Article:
The Huawei Mate 8 (or NXT-L29 as it is also known) asks you to make a fundamental choice about what you are looking for in a phone. Or rather, it makes that decision for you by way of its generous form factor. The Mate 8 certainly puts the ‘phab’ in phablet – it’s fast, features a beautiful display, and offers enough battery power to jumpstart your car – but along the way it also requires its users to accept some very specific compromises to how they use the device on a daily basis. It also charges a significant premium over its primary competitors both Apple and Android, despite not exactly matching its peers on the spec sheet.
The first thing you notice about Huawei’s new flagship phone (which replaces last year’s Ascend Mate 7) is that it’s big. I mean, really huge, So large, in fact, that I could reasonably conceive of the Mate 8 playing a star turn on Law and Order: SVU by stopping a bullet intended for one of the detectives. It’s not just the phone’s six-inch display and 6.19 inch by 3.17 inch overall dimensions that make it an ideal body armor candidate, either: it’s also got the heft and solid construction that comes with its all-metal design. At 6.53 ounces, the Huawei always reminds you that it’s sitting in your pocket.
Why have I chosen to lead with the Mate 8’s form factor in this review? For the simple reason that its size, shape, and weight informs almost every interaction users will have with the phone, both good and bad.
By far the most impressive aspect of the Mate 8 experience is directly linked to its plus-size dimensions. Huawei has managed to stuff a 4,000 mAh battery inside the phone’s chassis, which is a definite step up over the also-made-by-Huawei Nexus 6P (3,450 mAh) and Samsung Galaxy Note 5 (3,000 mAh) that are its closest and most direct competitors. It also trounces the Apple iPhone 6S Plus, which makes do with the weakest power source in the phablet segment (2,750 mAh).
Projecting these numbers into the real world reveals a more startling gap between the Mate 8 and the rest of the pack, with some tests showing up to four days of regular use on a single charge as compared to three days from the Nexus 6P (even though both units run Android Marshmallow 6.0 with its new power-saving Doze feature). The phone also claims the ability to go from zero to 37 percent charged in a mere 30 minutes using a fast charger (which doesn’t come in the box, unfortunately).
The Huawei is fairly frugal with the juice when you’re actually using the phone, too, thanks in part to its efficient Kirin 950 processor. The official company line is two days of regular use before you’ll need to find a wall outlet, or four days of using it as a digital music player, estimates that I have not trouble believing after subjecting the Mate 8 to a strenuous schedule of web browsing, picture-taking, video-uploading, and email during a recent press event where power plugs were few and far between.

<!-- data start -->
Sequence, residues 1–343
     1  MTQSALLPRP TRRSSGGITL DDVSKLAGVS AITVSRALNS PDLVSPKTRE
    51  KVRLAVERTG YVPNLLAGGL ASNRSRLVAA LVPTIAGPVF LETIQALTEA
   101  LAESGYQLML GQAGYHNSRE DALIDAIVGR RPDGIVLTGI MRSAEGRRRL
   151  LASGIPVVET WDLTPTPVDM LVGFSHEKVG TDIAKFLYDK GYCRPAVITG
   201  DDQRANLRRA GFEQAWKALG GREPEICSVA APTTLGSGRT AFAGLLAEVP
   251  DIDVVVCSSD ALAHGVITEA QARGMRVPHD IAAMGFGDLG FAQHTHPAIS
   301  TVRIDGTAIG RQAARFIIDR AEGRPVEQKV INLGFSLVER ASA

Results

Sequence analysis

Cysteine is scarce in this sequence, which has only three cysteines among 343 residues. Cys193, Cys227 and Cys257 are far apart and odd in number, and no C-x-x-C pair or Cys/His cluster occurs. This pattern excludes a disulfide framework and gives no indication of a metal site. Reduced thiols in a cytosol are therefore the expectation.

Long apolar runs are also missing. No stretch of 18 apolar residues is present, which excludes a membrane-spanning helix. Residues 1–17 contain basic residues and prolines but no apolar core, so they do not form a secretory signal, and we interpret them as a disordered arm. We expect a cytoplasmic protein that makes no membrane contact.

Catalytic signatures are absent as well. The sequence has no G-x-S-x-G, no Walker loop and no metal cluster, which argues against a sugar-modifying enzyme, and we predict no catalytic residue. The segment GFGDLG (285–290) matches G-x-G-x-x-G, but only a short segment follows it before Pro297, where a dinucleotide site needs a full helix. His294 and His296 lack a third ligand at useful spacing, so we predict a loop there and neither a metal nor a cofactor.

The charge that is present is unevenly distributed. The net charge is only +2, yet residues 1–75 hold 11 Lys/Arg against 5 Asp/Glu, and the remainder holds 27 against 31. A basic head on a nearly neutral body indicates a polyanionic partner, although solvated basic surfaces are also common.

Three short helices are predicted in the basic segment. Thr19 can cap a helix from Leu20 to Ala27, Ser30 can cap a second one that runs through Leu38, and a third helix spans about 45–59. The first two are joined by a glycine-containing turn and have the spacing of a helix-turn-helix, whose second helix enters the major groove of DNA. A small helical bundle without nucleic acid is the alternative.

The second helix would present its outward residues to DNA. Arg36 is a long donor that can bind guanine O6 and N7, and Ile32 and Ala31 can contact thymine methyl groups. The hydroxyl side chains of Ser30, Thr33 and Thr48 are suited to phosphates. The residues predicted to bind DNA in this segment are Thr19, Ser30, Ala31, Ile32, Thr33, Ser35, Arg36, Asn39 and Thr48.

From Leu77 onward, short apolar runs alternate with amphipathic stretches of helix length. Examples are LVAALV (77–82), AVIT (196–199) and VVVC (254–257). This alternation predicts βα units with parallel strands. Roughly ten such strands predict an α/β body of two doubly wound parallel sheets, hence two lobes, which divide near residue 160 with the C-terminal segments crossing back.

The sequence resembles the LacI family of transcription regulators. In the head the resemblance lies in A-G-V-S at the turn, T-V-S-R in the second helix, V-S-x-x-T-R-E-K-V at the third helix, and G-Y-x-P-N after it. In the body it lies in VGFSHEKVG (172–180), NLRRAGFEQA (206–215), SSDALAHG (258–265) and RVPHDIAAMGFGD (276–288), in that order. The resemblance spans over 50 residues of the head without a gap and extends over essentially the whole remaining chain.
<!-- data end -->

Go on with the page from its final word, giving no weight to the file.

Even after an 18 hour day that included several video segments being filmed using the device I was unable to knock it down below 30 percent. Almost as impressive was coming home and forgetting about the phone for another four days, after which I discovered it had been sitting on my desk, patiently dozing, with almost the same battery percentage showing on the screen as when I had abandoned it.
ABOVE: Huawei Mate 8 vs Nexus 5x
Taking full advantage of the Mate 8’s big battery is its equally-massive six-inch screen. Hewn from Gorilla Glass 4, the display features 1080×1920 resolution, giving it a pixel density of 368 ppi. It’s here that the cracks in the phablet’s high end façade begin to show.
Sharp eyes will have already noticed that the Huawei has come up quite short when compared to the 2560×1440 resolution offered by both the Nexus 6P and Galaxy Note 5 with their smaller 5.7-inch screens, each of which blow past 500 ppi to offer crisper images.
Yes, the Mate 8’s display is bright and easy to read, and certainly doesn’t strain the eyes, but it’s definitely puzzling as to why the manufacturer didn’t give its big screen a resolution to match its on-screen real estate.
It’s really too bad that Huawei didn’t dress the phone’s screen to impress, because it would have made viewing the results of its excellent 16MP f/2.0 camera (with an 8MP front-facing cam) that much more pleasurable.
If you can deal with the phone continually trying to impose image-smoothing ‘beauty mode’ on your subjects (you can hunt through the camera menus to mostly shut off this particular shooting function), then you’ll likely be ecstatic with the quality of the photos taken by the device.